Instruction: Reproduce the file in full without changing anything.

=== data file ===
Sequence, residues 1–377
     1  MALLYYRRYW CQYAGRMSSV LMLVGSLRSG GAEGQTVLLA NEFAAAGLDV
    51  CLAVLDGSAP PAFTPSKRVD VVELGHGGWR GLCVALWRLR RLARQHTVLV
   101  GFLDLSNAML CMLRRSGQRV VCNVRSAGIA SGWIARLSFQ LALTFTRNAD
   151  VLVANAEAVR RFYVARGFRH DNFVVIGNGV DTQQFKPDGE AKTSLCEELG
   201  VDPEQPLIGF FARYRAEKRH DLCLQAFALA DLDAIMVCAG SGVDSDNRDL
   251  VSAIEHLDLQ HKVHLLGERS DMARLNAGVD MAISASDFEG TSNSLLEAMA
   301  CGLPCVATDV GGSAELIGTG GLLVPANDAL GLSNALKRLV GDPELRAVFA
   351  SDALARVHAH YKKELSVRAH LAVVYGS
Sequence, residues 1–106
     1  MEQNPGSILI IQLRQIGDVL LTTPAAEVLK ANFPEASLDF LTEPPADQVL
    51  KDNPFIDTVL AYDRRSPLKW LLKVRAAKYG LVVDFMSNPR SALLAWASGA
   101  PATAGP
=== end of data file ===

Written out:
Sequence, residues 1–377
     1  MALLYYRRYW CQYAGRMSSV LMLVGSLRSG GAEGQTVLLA NEFAAAGLDV
    51  CLAVLDGSAP PAFTPSKRVD VVELGHGGWR GLCVALWRLR RLARQHTVLV
   101  GFLDLSNAML CMLRRSGQRV VCNVRSAGIA SGWIARLSFQ LALTFTRNAD
   151  VLVANAEAVR RFYVARGFRH DNFVVIGNGV DTQQFKPDGE AKTSLCEELG
   201  VDPEQPLIGF FARYRAEKRH DLCLQAFALA DLDAIMVCAG SGVDSDNRDL
   251  VSAIEHLDLQ HKVHLLGERS DMARLNAGVD MAISASDFEG TSNSLLEAMA
   301  CGLPCVATDV GGSAELIGTG GLLVPANDAL GLSNALKRLV GDPELRAVFA
   351  SDALARVHAH YKKELSVRAH LAVVYGS
Sequence, residues 1–106
     1  MEQNPGSILI IQLRQIGDVL LTTPAAEVLK ANFPEASLDF LTEPPADQVL
    51  KDNPFIDTVL AYDRRSPLKW LLKVRAAKYG LVVDFMSNPR SALLAWASGA
   101  PATAGP